attacked for your view points in a way that threatened, I believe, your advancement in
your academic career and we touched on
David Horrowitz’
frightening Academic
Bill of Rights
that would basically bring lawyers into the classroom so students can
file grievances against any perceived liberal bias in universities. You know, this could
lead to all sorts of problems but it’s surprising that from Conservatives, who are so
anti-lawyer… that they would embrace a concept that would bring lawyers into the classroom.
You write about these threats to academic freedom using the case of Columbia University,
where there was a perceived anti-Semitic bias, and you say that “the real revelation of
the Columbia episode was not that the claim of anti-Semitism was a fraud but how
defacto agents of a foreign government have, in service to their Holly State, conspired
to muzzle academic freedom in the United States.” If the Academic Bill of Rights is agree to
by universities here in the United States universally, will criticism of Israeli
government policy, even of Sharon administration policy, be stricken from all curriculum?

NGF: I don’t really know the details of the Academic Bill of Rights. What I can tell
you is, well short of the Academic Bill of Rights it is… University life is already
quite carefully, may be for better or for worse, I don’t wanna pass judgement, but it is
quite carefully policed. The notion that a professor can say whatever he or she wants
in a classroom is just sheer nonsense. Careful professors… I’m speaking now of the Social
Studies not of the Natural Sciences, are very careful about what they say in the classroom
because they’re fully aware that all sorts of grievances can be filed against them for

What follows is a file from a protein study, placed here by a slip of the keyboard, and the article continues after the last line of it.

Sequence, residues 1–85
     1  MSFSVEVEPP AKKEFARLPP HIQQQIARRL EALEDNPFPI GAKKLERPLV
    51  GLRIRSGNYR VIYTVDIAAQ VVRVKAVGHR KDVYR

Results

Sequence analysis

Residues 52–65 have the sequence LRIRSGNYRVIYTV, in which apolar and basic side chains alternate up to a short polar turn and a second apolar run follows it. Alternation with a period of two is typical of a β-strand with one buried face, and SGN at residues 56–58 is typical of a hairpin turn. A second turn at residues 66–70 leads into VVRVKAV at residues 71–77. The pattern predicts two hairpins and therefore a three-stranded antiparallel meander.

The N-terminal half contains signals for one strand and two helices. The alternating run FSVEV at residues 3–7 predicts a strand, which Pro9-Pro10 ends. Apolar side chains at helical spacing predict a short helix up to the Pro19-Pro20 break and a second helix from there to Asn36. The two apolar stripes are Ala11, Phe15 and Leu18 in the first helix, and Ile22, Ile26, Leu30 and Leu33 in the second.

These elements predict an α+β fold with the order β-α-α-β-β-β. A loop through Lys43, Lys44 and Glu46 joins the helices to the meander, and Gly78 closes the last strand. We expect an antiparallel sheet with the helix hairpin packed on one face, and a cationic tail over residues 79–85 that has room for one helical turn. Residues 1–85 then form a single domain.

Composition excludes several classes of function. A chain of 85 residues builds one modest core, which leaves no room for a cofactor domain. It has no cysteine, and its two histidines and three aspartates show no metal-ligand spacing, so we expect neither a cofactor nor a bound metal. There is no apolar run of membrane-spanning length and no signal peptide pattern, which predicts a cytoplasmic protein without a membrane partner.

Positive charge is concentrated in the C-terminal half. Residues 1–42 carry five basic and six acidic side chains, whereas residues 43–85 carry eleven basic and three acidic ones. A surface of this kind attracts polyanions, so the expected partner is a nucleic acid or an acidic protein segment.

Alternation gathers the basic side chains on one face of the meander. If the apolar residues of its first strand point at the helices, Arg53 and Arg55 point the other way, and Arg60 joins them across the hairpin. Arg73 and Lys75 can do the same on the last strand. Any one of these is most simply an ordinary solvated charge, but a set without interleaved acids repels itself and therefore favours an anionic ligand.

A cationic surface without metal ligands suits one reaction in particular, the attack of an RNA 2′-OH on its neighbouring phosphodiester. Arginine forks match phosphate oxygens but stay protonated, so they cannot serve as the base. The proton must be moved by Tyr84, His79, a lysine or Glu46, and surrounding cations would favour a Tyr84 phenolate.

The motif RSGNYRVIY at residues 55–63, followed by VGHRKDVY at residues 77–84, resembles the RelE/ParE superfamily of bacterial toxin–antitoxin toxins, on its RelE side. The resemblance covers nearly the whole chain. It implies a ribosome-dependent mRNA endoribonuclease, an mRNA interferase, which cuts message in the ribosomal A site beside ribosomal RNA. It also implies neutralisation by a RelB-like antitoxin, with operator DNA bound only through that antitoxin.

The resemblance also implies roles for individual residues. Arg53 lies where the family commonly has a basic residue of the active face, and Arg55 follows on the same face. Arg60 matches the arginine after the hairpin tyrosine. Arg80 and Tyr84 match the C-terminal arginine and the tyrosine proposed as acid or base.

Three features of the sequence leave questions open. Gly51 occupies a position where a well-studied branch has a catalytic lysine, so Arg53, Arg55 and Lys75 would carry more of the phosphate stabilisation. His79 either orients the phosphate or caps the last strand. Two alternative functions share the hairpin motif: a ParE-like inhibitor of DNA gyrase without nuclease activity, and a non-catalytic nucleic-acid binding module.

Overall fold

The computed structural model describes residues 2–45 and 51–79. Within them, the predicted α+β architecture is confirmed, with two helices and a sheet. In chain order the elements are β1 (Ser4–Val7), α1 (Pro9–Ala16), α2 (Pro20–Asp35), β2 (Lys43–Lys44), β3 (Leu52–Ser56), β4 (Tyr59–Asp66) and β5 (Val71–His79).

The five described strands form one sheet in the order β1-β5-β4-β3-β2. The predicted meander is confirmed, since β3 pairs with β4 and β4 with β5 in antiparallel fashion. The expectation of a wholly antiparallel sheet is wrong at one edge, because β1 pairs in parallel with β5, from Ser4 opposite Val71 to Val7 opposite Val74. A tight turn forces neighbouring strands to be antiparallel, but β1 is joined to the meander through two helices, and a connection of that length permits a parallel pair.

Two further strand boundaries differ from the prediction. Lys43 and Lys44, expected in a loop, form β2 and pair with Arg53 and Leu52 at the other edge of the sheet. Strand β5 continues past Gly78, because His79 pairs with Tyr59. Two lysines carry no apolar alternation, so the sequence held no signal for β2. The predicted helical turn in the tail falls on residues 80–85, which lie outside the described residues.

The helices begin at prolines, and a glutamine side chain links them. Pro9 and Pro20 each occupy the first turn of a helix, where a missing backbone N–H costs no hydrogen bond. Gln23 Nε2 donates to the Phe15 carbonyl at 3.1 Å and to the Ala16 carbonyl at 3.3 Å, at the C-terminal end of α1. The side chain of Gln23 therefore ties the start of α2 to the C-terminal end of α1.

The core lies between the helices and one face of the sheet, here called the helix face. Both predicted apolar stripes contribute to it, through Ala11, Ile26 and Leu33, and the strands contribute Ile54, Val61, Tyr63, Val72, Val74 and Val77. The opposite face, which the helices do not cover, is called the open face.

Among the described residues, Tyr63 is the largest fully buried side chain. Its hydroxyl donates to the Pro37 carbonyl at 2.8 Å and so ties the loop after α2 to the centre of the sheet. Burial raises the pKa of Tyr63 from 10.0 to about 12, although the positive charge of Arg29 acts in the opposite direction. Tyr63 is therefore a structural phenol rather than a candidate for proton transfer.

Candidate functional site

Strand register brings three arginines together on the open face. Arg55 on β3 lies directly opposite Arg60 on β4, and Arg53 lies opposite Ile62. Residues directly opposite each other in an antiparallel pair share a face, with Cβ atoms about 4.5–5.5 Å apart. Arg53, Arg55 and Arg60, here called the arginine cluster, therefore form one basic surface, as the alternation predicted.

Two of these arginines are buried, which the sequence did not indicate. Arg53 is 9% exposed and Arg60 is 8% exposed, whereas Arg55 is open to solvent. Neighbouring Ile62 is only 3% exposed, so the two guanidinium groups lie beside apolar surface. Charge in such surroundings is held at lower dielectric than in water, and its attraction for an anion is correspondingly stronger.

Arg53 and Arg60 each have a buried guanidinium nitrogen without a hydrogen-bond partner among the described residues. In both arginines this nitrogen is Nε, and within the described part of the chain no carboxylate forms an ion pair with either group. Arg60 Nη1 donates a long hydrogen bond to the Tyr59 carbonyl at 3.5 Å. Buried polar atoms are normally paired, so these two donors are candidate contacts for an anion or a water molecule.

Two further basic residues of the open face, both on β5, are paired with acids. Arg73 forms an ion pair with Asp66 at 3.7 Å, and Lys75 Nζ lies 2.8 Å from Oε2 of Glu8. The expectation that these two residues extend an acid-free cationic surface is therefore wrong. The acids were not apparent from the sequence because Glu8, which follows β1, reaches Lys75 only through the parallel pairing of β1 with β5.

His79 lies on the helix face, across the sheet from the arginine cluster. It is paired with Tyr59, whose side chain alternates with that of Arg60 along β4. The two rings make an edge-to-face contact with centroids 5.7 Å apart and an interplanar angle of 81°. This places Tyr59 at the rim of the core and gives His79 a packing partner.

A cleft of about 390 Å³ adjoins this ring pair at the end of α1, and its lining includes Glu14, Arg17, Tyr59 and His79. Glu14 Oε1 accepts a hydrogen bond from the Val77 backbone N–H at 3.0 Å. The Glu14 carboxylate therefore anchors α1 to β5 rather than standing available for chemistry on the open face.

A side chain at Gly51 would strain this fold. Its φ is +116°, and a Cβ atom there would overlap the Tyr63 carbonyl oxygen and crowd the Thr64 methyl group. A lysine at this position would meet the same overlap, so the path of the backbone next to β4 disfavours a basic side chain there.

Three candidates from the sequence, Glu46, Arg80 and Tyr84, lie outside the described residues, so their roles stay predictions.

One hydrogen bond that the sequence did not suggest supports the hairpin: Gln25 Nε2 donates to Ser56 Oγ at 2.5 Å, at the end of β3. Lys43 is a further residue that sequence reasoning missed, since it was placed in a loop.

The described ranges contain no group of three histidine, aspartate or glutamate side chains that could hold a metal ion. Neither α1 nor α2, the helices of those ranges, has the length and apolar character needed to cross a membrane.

the things they say. So this notion that you need an additional policing of the classroom
I think comes from people who have no concept of what classroom life is like right now.
I don’t think it’s incorrect to say that there is a kind of reign of political correctness
and that political correctness extends across the spectrum. It’s not just being sensitive to
the concerns of minorities and women, and so forth. For example, I often think twice and
three times before — and I don’t mean just at DePaul University, even at secular universities
where I’ve taught — about saying to the class that I’m an atheist. You know when I was
growing up, I’m now 52, when I grew up being an atheist was alsmost what everyone was. But
somehow, some way our culture has changed and being an atheist is now the same as once
saying you’re a communist. And I think twice and three times about saying it and, you know,
people claiming they’re offended by it, so I think already we are pretty politically correct.
And I teach… DePaul is the first university in my entire teaching career that’s allowed me to
teach the Israel-Palestine conflict. I’m very careful about what I teach. You know the internet